Internet Shakespeare Editions

Author: William Shakespeare
Editor: Michael Best
Not Peer Reviewed

King Lear (Quarto 1, 1608)


The Historie of King Lear.
But O poore Gloster lost he his other eye.
Gent. Both, both my Lord, this letter Madam craues a speedy
Tis from your sister.
Gon. One way I like this well,
But being widow and my Gloster with her,
May all the building on my fancie plucke,
Vpon my hatefull life, another way the newes is not so tooke,
Ile reade and answer.
Exit.
2335Alb. Where was his sonne when they did take his eyes.
Gent. Come with my Lady hither. Alb. He is not here.
Gent. No my good Lord I met him backe againe.
2340Alb. Knowes he the wickednesse.
Gent. I my good Lord twas he informd against him,
And quit the house on purpose that there punishment
Might haue the freer course.
Alb. Gloster I liue 2345to thanke thee for the loue thou shewedst the
And to reuenge thy eyes, come hither friend,
Tell me what more thou knowest.
Exit.
2347.1
Enter Kent and a Gentleman.
Kent. Why the King of Fraunce is so suddenly gone backe,
know you no reason.
Gent. Something he left imperfect in the state, which since his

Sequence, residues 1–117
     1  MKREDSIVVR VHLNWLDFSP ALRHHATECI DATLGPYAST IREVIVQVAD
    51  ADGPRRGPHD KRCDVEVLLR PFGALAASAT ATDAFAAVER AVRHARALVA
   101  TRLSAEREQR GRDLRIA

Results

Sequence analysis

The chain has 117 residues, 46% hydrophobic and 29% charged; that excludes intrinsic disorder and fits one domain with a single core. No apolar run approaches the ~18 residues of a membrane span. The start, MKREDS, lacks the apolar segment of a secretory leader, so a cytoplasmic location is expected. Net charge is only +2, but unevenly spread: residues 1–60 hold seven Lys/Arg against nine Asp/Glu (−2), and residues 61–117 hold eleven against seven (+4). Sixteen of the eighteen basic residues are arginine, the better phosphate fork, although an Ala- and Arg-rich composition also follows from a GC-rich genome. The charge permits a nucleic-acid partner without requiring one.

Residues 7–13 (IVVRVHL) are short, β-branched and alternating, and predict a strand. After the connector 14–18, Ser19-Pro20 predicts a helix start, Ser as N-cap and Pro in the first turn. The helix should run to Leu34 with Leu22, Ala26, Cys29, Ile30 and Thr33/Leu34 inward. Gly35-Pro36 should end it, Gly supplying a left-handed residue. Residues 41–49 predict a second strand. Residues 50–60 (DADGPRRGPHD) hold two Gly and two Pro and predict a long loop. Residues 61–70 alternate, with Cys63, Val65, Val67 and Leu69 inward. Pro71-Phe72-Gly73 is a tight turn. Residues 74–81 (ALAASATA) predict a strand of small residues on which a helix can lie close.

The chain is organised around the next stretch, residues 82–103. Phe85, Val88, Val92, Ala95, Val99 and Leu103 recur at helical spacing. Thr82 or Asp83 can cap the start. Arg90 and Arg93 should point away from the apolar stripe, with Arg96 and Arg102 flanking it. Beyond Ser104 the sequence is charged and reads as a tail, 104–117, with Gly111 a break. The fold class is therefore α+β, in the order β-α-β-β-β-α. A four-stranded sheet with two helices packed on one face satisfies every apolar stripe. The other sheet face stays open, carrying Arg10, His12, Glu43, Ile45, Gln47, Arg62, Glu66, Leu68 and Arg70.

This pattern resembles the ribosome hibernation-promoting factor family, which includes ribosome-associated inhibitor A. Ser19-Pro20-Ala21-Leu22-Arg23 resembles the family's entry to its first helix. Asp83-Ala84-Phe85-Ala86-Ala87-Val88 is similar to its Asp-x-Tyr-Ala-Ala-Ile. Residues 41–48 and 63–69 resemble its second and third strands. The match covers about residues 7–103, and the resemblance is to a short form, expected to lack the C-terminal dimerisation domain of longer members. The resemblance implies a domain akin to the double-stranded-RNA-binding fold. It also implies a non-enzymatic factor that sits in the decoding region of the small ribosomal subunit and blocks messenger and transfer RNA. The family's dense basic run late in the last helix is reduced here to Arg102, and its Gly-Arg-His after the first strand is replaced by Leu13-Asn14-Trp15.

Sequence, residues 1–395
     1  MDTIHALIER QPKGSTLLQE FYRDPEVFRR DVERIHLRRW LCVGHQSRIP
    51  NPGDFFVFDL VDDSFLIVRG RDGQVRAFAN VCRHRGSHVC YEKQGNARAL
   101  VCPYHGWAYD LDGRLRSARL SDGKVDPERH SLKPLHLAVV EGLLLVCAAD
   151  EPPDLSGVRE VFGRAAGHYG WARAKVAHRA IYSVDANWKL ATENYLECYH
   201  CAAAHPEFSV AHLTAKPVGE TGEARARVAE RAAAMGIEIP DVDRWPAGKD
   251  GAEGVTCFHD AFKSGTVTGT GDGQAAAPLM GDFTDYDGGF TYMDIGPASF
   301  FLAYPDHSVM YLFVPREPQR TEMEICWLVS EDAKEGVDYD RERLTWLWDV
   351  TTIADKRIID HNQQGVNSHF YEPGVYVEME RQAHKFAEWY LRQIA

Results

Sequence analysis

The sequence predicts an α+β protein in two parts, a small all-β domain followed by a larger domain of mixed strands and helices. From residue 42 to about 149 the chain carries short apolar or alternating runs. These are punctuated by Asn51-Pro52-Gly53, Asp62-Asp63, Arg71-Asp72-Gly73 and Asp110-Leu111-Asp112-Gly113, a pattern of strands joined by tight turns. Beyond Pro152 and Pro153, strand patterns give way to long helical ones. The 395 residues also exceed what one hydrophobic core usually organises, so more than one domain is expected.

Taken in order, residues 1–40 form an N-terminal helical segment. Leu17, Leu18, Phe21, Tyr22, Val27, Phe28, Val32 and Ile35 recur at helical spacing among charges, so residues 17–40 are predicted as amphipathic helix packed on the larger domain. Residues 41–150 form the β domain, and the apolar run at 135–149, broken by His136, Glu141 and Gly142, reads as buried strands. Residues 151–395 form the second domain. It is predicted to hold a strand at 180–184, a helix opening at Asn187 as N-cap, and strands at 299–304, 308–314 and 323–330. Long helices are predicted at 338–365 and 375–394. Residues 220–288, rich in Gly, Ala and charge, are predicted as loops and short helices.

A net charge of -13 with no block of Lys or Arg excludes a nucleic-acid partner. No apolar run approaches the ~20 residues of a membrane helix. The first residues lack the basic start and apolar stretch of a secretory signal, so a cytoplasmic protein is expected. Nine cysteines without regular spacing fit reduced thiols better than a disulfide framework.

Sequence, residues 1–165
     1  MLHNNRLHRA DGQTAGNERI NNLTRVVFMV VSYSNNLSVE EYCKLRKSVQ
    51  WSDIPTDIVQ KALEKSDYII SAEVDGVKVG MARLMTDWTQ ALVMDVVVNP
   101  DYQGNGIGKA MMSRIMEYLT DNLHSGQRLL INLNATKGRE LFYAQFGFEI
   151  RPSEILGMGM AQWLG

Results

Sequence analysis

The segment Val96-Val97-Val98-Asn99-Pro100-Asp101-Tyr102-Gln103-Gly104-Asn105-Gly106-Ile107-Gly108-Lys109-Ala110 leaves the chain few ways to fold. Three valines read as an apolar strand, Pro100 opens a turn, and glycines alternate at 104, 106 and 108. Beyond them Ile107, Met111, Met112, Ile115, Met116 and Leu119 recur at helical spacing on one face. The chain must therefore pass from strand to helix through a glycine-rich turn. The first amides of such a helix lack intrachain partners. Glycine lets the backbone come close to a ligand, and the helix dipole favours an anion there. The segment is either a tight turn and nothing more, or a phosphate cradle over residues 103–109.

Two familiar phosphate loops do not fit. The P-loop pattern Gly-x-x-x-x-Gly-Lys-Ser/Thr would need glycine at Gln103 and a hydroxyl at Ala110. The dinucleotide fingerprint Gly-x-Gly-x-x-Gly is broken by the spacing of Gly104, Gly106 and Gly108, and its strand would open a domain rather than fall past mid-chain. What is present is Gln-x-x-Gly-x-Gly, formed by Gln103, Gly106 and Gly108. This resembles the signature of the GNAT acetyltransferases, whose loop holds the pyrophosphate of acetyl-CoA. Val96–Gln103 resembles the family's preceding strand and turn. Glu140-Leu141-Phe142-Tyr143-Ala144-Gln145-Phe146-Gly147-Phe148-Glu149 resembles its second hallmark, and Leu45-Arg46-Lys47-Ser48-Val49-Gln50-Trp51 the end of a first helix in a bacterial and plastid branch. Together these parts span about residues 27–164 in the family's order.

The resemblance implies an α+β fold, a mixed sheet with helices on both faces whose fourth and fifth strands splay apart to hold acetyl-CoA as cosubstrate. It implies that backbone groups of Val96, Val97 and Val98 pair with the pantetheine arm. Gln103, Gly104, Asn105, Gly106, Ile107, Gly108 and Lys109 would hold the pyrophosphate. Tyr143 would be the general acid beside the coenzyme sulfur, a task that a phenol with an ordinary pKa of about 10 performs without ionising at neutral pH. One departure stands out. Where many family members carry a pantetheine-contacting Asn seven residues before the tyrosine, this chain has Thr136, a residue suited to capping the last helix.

.5comming forth is thought of, which imports to the Kingdome,
So much feare and danger that his personall returne was most re-
quired and necessarie.
Kent. Who hath he left behind him, General.
Gent. The Marshall of France Monsier la Far.
.10Kent. Did your letters pierce the queene to any demonstratiõ
Gent. I say she tooke them, read them in my presence,
And now and then an ample teare trild downe
Her delicate cheeke, it seemed she was a queene ouer her passion,
Who most rebell-like, sought to be King ore her.
.15Kent. O then it moued her.
Gent. Not to a rage, patience and sorow streme,
Who should expresse her goodliest you haue seene,
Sun shine and raine at once, her smiles and teares,
Were like a better way those happie smilets,
.20That playd on her ripe lip seeme not to know,
What guests were in her eyes which parted thence,
As